Friday, August 27, 2021

US v. Pollard, Jr., No. 20-15958 (8-27-21)(Nelson w/Jack; concurrence by Forrest). To my reading, this is a dangerous habeas opinion regarding “futility.”

This is a Rehaif issue. The petitioner pled to being a felon-in-possession in 2017. In Rehaif v. US, 139 S. Ct. 2191 (2019), the Court required the gov’t to prove a defendant knew he was a felon at the time of the firearm possession. After Rehaif, petitioner filed a 2255.

The majority holds the petitioner did not fulfill the cause prong for procedural default for habeas relief (p.5). He SHOULD have raised the claim because the challenge had been circulating for years, even if it was routinely and expectedly denied by all circuits. The majority distinguishes between a “novel” claim and a “futile” claim. The majority announces the Court does not recognize futility. The petitioner here fails the “cause” prong for procedural default. He also fails prejudice. The latter is meaningless with the first prong being denied.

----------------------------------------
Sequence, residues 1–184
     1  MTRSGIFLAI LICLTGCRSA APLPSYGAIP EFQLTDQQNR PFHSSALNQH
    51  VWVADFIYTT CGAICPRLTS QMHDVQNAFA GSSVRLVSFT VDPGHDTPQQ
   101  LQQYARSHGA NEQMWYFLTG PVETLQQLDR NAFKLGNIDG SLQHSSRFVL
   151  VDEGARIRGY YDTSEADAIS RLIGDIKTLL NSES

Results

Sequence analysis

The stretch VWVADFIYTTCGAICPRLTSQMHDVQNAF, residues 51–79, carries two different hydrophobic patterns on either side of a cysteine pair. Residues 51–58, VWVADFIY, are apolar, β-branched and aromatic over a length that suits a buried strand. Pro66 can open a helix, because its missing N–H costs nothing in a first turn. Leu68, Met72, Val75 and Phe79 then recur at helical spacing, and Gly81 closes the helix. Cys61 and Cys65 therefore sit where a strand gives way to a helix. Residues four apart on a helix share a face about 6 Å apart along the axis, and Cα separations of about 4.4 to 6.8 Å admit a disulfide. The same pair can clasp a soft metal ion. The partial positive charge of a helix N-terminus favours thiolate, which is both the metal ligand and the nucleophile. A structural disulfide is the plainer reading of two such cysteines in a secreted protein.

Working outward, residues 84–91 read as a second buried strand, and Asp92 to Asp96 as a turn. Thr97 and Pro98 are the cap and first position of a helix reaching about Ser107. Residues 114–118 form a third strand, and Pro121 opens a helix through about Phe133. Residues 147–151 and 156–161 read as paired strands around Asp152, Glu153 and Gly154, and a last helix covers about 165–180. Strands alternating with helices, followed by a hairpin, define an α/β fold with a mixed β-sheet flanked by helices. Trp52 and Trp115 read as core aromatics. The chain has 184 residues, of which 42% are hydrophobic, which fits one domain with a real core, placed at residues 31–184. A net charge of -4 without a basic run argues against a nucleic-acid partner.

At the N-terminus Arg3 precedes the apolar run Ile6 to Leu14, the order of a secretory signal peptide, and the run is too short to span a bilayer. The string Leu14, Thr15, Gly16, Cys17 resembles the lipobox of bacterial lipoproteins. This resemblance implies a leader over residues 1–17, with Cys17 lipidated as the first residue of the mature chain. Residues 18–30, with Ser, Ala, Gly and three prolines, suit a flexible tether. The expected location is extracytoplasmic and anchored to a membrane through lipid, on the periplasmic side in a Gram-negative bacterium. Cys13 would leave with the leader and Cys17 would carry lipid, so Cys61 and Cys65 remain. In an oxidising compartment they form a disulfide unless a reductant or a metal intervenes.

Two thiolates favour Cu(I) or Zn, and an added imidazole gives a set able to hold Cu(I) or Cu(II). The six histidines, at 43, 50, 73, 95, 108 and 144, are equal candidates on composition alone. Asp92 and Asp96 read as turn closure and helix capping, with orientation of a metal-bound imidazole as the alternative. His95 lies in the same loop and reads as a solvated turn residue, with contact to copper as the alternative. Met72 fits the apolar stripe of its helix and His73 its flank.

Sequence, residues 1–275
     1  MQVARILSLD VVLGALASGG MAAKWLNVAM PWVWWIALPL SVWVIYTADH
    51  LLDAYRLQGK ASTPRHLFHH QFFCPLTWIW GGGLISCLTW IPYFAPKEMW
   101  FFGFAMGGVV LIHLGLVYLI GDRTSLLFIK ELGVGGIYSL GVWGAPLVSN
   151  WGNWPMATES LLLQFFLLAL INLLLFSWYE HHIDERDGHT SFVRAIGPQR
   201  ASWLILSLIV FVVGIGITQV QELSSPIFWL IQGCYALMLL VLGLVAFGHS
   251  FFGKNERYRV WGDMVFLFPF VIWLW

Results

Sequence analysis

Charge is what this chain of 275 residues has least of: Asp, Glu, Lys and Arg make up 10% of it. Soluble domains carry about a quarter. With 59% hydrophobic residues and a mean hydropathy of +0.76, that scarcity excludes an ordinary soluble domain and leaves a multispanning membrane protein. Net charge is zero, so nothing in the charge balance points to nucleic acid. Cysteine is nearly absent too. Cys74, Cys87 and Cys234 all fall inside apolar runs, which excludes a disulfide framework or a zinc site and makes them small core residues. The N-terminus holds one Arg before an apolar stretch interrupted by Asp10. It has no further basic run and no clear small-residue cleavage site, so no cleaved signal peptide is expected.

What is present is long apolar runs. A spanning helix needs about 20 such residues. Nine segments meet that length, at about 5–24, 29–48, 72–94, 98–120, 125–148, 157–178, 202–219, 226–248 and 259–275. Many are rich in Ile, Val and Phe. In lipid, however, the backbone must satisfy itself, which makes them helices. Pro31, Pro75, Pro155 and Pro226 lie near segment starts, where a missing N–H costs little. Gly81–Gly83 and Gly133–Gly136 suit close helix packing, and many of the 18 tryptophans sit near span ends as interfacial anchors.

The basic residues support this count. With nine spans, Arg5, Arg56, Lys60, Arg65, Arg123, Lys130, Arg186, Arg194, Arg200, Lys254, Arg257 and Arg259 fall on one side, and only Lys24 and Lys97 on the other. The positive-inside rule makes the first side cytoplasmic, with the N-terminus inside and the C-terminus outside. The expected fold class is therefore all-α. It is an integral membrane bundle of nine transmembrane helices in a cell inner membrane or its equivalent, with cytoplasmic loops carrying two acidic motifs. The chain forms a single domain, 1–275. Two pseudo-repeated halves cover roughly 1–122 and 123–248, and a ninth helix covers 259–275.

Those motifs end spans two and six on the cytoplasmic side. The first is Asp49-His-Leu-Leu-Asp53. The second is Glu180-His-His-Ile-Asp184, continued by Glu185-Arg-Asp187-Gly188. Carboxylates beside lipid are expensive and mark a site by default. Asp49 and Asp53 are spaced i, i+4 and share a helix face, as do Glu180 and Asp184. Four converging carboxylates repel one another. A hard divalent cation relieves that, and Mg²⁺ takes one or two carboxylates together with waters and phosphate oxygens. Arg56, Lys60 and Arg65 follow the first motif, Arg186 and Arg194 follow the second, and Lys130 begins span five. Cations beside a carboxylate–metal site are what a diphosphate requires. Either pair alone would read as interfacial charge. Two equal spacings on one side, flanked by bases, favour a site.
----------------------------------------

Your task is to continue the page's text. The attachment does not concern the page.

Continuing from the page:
The concurrence agrees there is no prejudice. The concurrence states the panel need not decide cause because of the failure of prejudice. Also, the concurrence “disagree[s] that Supreme Court precedent dictates the majority’s broad futility-can-never-be-cause rule.” (p. 14). A difference between a claim is futile because a particular court rejects it and one where every circuit for a sustained period has rejected the claim. See Reed v. Ross, 468 US 1, 17 (1984).

To my reading, this decision has far reaching consequences for trial practice and for habeas. Read it and be concerned.

The decision is here:


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